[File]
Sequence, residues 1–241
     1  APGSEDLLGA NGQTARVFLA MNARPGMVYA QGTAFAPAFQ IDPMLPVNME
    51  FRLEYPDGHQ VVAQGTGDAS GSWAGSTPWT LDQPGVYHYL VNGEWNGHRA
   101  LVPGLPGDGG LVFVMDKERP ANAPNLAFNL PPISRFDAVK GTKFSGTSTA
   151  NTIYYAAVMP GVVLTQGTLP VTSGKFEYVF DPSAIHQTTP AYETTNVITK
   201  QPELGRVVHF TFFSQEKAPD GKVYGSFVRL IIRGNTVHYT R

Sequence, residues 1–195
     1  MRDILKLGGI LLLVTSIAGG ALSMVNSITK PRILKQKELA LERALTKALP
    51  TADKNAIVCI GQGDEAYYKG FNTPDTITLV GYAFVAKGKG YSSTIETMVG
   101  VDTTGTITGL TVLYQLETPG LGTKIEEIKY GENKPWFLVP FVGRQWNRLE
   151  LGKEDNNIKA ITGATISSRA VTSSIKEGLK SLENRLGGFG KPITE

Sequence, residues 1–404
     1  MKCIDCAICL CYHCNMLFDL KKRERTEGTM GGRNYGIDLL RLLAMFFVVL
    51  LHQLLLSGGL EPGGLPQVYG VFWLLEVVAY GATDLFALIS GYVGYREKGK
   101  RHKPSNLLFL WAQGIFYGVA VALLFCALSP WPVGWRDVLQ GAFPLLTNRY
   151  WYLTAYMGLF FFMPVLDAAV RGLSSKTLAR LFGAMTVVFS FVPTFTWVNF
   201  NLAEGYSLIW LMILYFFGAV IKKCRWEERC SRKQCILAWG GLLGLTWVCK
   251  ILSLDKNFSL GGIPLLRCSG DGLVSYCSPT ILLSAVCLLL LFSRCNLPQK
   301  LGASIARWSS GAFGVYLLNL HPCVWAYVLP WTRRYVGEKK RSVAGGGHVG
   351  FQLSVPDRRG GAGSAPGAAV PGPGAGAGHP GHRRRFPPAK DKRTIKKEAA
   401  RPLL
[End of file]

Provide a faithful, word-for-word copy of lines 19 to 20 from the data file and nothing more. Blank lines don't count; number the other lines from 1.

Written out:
   301  LGASIARWSS GAFGVYLLNL HPCVWAYVLP WTRRYVGEKK RSVAGGGHVG
   351  FQLSVPDRRG GAGSAPGAAV PGPGAGAGHP GHRRRFPPAK DKRTIKKEAA